In Parshat Miketz, Yosef’s brothers come to him in Egypt, asking for food during the famine. While Yosef immediately recognizes them, his brothers to not know who Joseph, now the second-in-command in Egypt, is. Yosef accuses his brothers of being spies and commands them to go back to Canaan and return with their younger brother, Binyamin, to prove they are who they say they are.
At first Yaakov refuses to send Binyamin, after all, he has already lost Yosef, and now Shimon. When they finish the first batch of food they brought up from Egypt, however, he has no choice. If he does not send Binyamin, the entire family will perish from starvation.
So what does Yaakov do? As one of our Avot, we expect him to pray to Hashem, asking for His help and for Him to protect Binyamin. Instead, he begins by offering a bribe. He tells his sons to bring Yosef gifts and “,כסף משנה” double the money they actually owe. Only then does Yaakov turn to God, saying יִתֵּ֨ן לָכֶ֤ם רַֽחֲמִים֙ לִפְנֵ֣י” הָאִ֔ישׁ וְשִׁלַּ֥ח לָכֶ֛ם אֶת־אֲחִיכֶ֥ם אַחֵ֖ר וְאֶת־בִּנְיָמִ֑ין.”
His actions are paralleled by the Maccabees during the story of Chanukah. Rather than simply davening to Hashem to save them from the Greeks, they gathered arms and fought for themselves.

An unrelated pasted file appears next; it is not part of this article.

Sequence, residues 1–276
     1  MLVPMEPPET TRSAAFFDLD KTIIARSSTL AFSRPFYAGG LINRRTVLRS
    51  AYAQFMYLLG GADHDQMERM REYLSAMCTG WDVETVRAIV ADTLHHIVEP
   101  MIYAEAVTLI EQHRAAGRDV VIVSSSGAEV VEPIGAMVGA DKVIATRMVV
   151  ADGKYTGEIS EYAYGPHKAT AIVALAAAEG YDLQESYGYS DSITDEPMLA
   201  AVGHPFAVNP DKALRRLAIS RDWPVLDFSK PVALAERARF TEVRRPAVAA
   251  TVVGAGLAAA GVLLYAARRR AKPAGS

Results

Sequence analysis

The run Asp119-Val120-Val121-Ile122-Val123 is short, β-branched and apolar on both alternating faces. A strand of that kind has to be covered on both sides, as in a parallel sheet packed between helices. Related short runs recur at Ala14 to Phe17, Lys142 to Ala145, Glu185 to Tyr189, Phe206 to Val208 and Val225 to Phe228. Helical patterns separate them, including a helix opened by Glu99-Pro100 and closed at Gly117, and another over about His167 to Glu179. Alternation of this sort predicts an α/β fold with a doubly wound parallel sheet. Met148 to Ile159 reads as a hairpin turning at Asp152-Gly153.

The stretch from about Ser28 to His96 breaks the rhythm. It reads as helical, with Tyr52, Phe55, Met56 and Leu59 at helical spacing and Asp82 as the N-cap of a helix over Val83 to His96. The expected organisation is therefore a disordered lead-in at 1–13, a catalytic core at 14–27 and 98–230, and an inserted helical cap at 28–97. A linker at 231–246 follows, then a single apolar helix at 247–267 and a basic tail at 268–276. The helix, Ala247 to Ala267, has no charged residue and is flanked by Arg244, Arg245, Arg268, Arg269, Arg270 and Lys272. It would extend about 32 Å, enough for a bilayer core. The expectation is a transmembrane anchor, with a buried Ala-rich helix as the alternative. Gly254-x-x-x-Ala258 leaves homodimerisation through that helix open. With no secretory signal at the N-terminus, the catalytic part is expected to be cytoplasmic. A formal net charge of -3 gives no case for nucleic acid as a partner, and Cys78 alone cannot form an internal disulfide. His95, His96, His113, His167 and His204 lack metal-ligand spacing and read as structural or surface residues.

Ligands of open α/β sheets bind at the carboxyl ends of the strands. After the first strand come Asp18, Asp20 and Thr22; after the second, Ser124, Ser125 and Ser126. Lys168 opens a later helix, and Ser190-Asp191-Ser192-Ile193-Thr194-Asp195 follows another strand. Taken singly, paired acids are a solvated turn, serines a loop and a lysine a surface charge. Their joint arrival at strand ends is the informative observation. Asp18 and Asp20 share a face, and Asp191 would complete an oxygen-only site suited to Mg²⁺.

While both the Maccabees and Yaakov trusted that God would help them, they both recognized that salvation would not just come to be and that they needed to create channels for Hashem to save them.
We can learn a very valuable lesson from Yaakov and the Maccabees. Our relationship with God is not one sided. Although miracles abound in the world, they are not our primary source of sustenance. Moreover, even miracles require action, as demonstrated by the Maccabees. True believers in God do not sit and wait for Him to act on our behalf. Rather, they put everything they have into their tasks, sure that whatever result they receive will be part of God’s plan.
Student Studying in Nishmat